Extended Abstract

Purposes of the Study

The accelerating enrollment of distance education has brought opportunities and challenges for online course designers. Almost one in three students enrolled in at least one online course in 2016 (Seaman, Allen, & Seaman, 2018). Online student demographics have shifted away from the traditional 18-years-old college student toward older students who have full-time jobs or raise families. These changes lead us to rethink the way we design courses.  An engaging learning context for our new online student population should be authentic and can be applied to real world problems. To accomplish this, we look to incorporating key principles in adult learning theory; which involve practical, problem-centered activities (TEAL, 2011).

The 2018 Horizon Report identifies Authentic Learning Experiences as a “solvable challenge”. To do this we must be willing to go beyond “technology that simply replicates the one-way transfer of information from teacher to student” and create “authentic learning designs (that) have the potential to improve student engagement and educational outcomes” (Herrington, 2006). This has been a pivotal challenge for online course designers.

Many instructors have a hard time translating the creative and interactive activities they have built for their face-to-face classes to an online learning context. Lacking a creative way to make the transition, some online instructors substitute these interactive learning activities with additional readings and formative assessments. Instructors’ reluctance to create interactive learning activities in online learning environments are due, in part, to the static layout of the learning management system (LMS), as well their unfamiliarity with best practices of engaging online learning environment.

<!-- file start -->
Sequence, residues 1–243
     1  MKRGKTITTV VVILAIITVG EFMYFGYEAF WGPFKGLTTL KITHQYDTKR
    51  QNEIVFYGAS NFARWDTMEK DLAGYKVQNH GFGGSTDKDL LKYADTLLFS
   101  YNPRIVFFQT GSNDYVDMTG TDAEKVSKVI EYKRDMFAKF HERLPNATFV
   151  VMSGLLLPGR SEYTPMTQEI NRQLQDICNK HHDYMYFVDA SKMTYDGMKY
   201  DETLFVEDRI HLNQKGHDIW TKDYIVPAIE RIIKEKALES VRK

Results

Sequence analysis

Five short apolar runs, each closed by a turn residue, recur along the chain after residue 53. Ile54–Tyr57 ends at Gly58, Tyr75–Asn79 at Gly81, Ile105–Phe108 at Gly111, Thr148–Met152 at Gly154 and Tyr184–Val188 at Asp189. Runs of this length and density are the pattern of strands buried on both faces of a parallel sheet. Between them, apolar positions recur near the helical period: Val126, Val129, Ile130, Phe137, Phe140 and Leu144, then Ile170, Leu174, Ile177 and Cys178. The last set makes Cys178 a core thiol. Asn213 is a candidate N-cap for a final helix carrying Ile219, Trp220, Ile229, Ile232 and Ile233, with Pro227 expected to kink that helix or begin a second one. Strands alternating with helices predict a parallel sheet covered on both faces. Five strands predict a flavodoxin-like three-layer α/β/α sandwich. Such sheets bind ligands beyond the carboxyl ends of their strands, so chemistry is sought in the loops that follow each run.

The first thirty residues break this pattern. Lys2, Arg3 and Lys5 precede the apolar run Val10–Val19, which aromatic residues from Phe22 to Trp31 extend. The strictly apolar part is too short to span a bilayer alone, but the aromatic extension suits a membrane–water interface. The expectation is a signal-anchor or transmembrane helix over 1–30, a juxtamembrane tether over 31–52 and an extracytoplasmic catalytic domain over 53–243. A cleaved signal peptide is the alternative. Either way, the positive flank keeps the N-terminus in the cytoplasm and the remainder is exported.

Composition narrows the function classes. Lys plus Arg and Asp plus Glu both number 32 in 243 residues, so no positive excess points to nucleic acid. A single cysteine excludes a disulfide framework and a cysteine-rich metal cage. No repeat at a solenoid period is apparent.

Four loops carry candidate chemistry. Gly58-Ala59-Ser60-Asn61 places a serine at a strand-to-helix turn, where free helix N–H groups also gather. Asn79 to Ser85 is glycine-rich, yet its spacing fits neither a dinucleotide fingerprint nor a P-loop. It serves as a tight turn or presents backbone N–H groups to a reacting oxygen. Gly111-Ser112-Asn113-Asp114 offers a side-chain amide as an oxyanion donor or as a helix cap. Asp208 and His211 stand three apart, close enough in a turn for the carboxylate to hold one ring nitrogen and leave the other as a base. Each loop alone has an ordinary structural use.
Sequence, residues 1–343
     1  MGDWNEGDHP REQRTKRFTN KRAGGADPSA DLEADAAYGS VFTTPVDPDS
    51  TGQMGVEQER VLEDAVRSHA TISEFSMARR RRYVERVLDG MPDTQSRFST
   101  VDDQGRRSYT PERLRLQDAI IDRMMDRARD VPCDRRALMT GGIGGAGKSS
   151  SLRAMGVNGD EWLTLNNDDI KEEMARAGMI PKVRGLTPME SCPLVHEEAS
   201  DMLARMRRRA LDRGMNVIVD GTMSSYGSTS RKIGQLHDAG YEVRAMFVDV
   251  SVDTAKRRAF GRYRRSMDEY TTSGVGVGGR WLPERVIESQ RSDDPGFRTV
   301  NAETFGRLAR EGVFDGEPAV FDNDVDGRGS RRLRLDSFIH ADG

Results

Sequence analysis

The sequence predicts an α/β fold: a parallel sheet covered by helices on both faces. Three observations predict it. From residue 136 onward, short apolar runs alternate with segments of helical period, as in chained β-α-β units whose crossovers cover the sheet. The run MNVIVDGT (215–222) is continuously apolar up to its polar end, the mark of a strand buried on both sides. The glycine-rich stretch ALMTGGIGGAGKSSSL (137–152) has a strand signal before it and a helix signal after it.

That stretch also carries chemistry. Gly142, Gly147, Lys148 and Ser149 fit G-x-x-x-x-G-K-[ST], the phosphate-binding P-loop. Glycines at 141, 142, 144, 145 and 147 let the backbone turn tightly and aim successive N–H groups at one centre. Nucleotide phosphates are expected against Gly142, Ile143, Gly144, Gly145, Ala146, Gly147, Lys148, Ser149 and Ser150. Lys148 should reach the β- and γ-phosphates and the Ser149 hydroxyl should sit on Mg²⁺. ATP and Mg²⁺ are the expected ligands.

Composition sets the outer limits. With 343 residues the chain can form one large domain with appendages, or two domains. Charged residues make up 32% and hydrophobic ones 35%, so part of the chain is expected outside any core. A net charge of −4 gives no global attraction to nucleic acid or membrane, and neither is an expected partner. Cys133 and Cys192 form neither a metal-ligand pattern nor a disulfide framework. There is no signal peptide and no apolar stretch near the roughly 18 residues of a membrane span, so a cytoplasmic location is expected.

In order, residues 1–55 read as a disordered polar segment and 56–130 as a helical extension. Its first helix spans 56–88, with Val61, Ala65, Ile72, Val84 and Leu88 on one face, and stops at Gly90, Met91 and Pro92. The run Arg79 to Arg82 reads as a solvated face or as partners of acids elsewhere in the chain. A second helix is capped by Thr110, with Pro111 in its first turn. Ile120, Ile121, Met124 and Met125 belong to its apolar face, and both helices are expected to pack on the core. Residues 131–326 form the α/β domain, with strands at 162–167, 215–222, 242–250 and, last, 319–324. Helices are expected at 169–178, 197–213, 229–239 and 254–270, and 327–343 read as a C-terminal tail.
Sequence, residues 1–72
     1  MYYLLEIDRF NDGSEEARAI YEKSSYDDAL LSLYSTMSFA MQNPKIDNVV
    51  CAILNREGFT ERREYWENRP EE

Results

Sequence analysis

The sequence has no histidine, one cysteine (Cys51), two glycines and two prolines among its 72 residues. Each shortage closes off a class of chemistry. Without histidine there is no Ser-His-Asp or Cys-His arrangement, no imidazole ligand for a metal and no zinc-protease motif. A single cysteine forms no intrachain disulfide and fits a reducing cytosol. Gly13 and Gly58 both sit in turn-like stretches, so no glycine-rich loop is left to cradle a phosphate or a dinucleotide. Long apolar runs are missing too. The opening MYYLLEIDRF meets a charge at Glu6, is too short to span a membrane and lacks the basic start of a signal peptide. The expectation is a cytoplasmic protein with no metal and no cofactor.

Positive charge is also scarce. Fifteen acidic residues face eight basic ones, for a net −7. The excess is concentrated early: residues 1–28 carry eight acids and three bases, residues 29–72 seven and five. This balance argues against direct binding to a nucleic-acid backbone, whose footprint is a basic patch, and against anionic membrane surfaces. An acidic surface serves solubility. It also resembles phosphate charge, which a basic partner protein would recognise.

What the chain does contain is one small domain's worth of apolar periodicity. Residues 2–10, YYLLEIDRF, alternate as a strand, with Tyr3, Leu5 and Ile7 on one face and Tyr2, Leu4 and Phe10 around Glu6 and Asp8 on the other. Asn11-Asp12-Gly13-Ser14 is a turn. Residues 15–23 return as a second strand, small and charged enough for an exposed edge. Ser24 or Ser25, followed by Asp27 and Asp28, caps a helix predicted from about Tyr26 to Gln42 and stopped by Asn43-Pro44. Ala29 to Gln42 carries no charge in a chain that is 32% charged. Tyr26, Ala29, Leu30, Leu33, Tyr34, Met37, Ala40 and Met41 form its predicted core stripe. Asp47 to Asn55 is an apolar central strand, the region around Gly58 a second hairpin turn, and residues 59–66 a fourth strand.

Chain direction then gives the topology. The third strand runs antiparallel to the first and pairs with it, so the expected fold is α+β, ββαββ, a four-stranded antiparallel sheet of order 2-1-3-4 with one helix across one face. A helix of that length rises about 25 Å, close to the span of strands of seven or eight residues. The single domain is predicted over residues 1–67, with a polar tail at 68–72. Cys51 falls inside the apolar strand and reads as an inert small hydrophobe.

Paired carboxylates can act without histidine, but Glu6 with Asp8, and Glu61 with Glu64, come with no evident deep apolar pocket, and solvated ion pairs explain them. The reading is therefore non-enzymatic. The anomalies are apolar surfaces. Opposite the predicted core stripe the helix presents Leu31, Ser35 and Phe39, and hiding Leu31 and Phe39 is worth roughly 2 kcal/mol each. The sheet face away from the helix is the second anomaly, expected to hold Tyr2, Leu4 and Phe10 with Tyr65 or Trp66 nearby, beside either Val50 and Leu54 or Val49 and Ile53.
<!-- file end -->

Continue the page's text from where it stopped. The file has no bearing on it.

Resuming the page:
This is not the only challenge. Postsecondary students vary in age, experience, and cultural background. For many non-traditional students studying in front of a computer monitor imposes an additional barrier to their ability to access content. According to Rose, Harbour, Johnston, Daley, & Abarbanell (2006), the universal design for learning (UDL) framework aims to tackle the limitations of the standard learning environment. Implementing UDL principles can provide useful guidelines and help course designers avoid design choices that might create learning obstacles in their courses.